And speaking of La Revolution, I don’t know if any of you Marie Antoinette fans (and I know there are some -- not counting you, armer -- I know where your sympathies lie-lol!)have ever come across this mostly unknown and underrated 1990 Pierre Granier Deferre film, starring Ute Lemper. I did not know it and I was rather mesmerized by it --

        • Camille

          This is interesting and thanks, I’ll try to give it some space sometime. The title intrigues me as she was fairly regularly referred to thus, and as it would seem to be departing from that viewpoint that once a foreigner, always a foreigner, hence, ‘not one of us’ and therefore, no good.

          Ute Lemper is just about the last person imaginable to me for impersonating Marie Antoinette, but then Marianne Faithfull was really quite good as Marie Thérèse in the Sofia Coppola film, so what do I know? Wondering who would be the player “Rufus” mentioned in the credits?

          • Milady DeWinter

            I agree -- or did -- about Ute als Antonia -- until I watched it; based on the transcripts of her trial, it’s last three days of her life, fascinating and moving stuff.

      • manou

        Would you like me to get started on whomsoever?

        • Camille

          Please do! Then it will really get exciting

        • Camille

          Actually, if you like, yes, but if you haven’t the time, there is always Nancy Mitford’s Noblesse oblige/i> to consult, and which, probably, I should, as one does not want to emulate Madame Boo-KAY in one’s mutterings, even if one is a damned Yank.

    • Thanks, I’m notably bad at this particular point!

    • Cicciabella

  • Camille

    Has anyone every heard Angelina Jolie sing, by the way? Could it be…?

    The thought suddenly occurred to me that Dolora Zajic(k) sang this role a few years ago in Los Angeles, and if there be a pirate version of her in the role out there.

    FYI to all those suspecting the Lubin presence, still have not come across that one, even after many pages of investigation, so it must be a secret recording only known to DeCaff. There do exist versions in both Swedish and Hungarian(!), though, FWIW.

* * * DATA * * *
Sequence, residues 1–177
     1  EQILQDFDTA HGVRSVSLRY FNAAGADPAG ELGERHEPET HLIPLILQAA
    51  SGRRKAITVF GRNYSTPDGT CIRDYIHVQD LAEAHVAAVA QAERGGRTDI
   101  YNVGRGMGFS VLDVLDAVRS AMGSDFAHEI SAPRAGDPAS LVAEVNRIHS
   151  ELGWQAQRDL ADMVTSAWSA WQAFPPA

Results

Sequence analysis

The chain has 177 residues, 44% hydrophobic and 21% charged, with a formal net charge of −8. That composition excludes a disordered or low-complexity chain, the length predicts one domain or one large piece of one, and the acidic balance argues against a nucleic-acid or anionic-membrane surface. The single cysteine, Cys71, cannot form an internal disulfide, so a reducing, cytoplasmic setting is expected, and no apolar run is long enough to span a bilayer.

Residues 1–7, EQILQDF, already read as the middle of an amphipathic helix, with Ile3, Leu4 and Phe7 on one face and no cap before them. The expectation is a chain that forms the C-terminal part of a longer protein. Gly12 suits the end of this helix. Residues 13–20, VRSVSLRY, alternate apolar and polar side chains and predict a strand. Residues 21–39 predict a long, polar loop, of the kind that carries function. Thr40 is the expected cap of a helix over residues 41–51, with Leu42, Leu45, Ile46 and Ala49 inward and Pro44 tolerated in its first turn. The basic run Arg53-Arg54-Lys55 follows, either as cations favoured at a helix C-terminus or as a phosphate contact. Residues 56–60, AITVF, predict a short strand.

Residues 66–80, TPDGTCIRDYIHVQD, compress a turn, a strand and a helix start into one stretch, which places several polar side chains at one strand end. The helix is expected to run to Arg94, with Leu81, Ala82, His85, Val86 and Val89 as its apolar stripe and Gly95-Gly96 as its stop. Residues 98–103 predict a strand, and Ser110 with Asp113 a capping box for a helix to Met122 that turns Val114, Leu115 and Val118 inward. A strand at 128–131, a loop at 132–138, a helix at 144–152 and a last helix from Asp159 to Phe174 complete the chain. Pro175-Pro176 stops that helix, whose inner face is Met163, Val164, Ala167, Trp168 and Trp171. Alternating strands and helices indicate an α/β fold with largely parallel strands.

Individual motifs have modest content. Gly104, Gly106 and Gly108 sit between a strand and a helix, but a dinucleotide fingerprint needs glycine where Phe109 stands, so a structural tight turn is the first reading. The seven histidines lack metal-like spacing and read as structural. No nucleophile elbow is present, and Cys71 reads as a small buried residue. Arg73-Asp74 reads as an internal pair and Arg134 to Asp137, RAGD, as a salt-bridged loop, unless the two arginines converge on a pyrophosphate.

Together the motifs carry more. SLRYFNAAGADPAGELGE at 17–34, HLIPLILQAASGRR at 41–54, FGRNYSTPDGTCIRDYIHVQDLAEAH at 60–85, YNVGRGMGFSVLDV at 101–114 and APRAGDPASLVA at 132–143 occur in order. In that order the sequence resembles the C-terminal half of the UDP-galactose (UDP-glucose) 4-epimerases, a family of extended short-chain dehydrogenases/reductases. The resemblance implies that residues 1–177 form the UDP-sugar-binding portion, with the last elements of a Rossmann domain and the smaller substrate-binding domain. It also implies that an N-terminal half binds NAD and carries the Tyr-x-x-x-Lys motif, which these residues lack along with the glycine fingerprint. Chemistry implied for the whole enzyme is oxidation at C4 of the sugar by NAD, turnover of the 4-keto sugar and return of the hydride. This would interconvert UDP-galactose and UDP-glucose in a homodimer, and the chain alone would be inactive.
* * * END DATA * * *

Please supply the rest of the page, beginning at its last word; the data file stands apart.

Well, maybe Angelina has a big surprise in store for all of us. Wouldn’t put much past her.

    • Hippolyte

      Snippets of the Zajick Ortrud can see heard (and seen) in this video from the LA Lohengrin. She also recently sang the role in Barcelona.

      • Camille

        Thanks so much and had no idea! Maury d’annato loved it, as I recall, and am so glad to hear she’s been stirirng the pot once more. Go Dolora go!!! I wonder what a Kundry from her would be?
        Thanks again, molto obbligato

  • John L

    Camille, if you don’t mind me asking, what was your question to Regine Crespin the time you met her and what was her response?

    One thing I love about Parterre.com is that you get to hear some intimate details of interactions with the opera stars of yore. In addition to hearing about important stories like the one Phoenix told about his WWII aftereffects experience. These stories have to be told to the current generation and re-told to future generations.

    • Camille

      Funny you should ask, as after I mentioned it, then spent a little while trying to remember the exact exchange and came up with nothing. What stays with me was her very polite and deeply engaged listening of my query—most likely something about her particular singing technique as I love to hear singers expatiate upon their pet theories and/or idées fixe on the One, True, and Only Path to Singing—and the seriousness with which she responded to me, as if it were the most important question ever. That is what’s stayed with me. She was, in addition to being very Grande, completely natural and unstuffy, not hardly necessary for her to put on airs or impersonate Bianca Castafiore, as it were.

      There was a period there when a parade of divas were coming around for autographing their books and other such events and although I am loathe to bother singers or any musician after performance, my husband pushed me to go to some of these events so to encounter persons who had had an effect on me, and, this encountered many interesting quirks of personality which made me rethink a lot about these same performers and put a great deal of what they did into another context. Of all of them probably Crespin made the biggest impression in terms of her humanity and of not acting in typical primadonna fashion, probably because she didn’t have to fake it. I remember her complimenting a student’s German in a master class and asking if she spoke the language, admitting that she did never suceed in conquering the language, whilst the student preened and looked superior.